The past year has seen a flood of articles commemorating the end of the Cold War, and the fact that "peace" seems to be breaking out in many regions of the world.
No, I mean really glum. In April, a new poll revealed that 81 percent of the American people believe that the country is on the "wrong track. Other polls, asking similar questions, found levels of gloom that were even more alarming, often at and year highs. There are reasons to be pessimistic—a financial panic and looming recession, a seemingly endless war in Iraq, and the ongoing threat of terrorism.
But the facts on the ground—unemployment numbers, foreclosure rates, deaths from terror attacks—are simply not dire enough to explain the present atmosphere of malaise. American anxiety springs from something much deeper, a sense that large and disruptive forces are coursing through the world.
In almost every industry, in every aspect of life, it feels like the patterns of the past are being scrambled. And—for the first time in living memory—the United States does not seem to be leading the charge. Americans see that a new world is coming into being, but fear it is one being shaped in distant lands and by foreign people.
The world's tallest building is in Taipei, and will soon be in Dubai. Its largest publicly traded company is in Beijing. Its biggest refinery is being constructed in India. Its largest passenger airplane is built in Europe. The largest investment fund on the planet is in Abu Dhabi; the biggest movie industry is Bollywood, not Hollywood.
Once quintessentially American icons have been usurped by the natives. The largest Ferris wheel is in Singapore. The largest casino is in Macao, which overtook Las Vegas in gambling revenues last year.
America no longer dominates even its favorite sport, shopping. The Mall of America in Minnesota once boasted that it was the largest shopping mall in the world.
Today it wouldn't make the top ten. In the most recent rankings, only two of the world's ten richest people are American.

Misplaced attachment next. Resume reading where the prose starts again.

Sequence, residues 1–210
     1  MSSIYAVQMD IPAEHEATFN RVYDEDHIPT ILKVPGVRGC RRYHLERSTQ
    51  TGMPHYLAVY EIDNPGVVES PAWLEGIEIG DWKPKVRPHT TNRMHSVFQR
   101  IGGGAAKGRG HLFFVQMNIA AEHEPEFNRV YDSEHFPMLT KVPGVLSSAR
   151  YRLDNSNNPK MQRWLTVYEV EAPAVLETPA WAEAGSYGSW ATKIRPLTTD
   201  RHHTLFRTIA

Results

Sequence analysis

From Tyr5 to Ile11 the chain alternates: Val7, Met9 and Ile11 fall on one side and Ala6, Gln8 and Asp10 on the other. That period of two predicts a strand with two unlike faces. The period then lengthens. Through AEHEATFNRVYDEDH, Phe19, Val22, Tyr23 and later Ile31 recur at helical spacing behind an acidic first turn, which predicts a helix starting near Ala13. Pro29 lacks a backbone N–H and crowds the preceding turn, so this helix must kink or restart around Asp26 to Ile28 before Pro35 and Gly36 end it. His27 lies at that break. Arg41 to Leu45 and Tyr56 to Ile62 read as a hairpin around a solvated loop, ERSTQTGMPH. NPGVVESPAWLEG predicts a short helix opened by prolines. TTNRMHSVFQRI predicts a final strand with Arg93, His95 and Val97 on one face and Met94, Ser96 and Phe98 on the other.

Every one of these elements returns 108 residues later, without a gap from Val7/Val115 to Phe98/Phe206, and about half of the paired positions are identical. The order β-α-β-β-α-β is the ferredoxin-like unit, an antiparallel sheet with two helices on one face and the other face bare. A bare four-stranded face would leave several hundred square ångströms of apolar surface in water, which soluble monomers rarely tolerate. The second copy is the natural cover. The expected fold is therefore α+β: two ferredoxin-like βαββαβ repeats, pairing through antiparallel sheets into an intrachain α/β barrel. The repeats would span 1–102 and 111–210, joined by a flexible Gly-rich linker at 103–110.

Return to Responses, Reflections and Occasional Papers // Return to Historical Writings. Reflections on Ellen Schrecker and Maurice Isserman's essay, "The Right's Cold War Revision". Cite This Article. Rothbard, Murray N. "Origins of the Welfare State in America." Journal of Libertarian Studies 12, No. 2 (): – Login to access the Upswing Virtual Learning Center for Houston Community College.
These lists are arbitrary and a bit silly, but consider that only ten years ago, the United States would have serenely topped almost every one of these categories. These factoids reflect a seismic shift in power and attitudes.
It is one that I sense when I travel around the world. In America, we are still debating the nature and extent of anti-Americanism. One side says that the problem is real and worrying and that we must woo the world back.
The other says this is the inevitable price of power and that many of these countries are envious—and vaguely French—so we can safely ignore their griping.
But while we argue over why they hate us, "they" have moved on, and are now far more interested in other, more dynamic parts of the globe. The world has shifted from anti-Americanism to post-Americanism. Their interest, I have to confess, was not in the important power players in Washington or the great intellectuals in Cambridge.Welcome to HCC online tutoring!
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The Trump administration's treatment of migrant children as potential criminals has meant lengthy incarcerations for thousands—and an unwelcome shift in mission for . 1. Harold Wilensky put it baldly and succinctly: "Economic growth is the ultimate cause of welfare state development." Harold Wilensky, The Welfare State and Equality (Berkeley: University of California Press, ), p.
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It's true China is booming, Russia is growing more assertive, terrorism is a threat. But if America is losing the ability to dictate to this new world, it has not lost the ability to lead.
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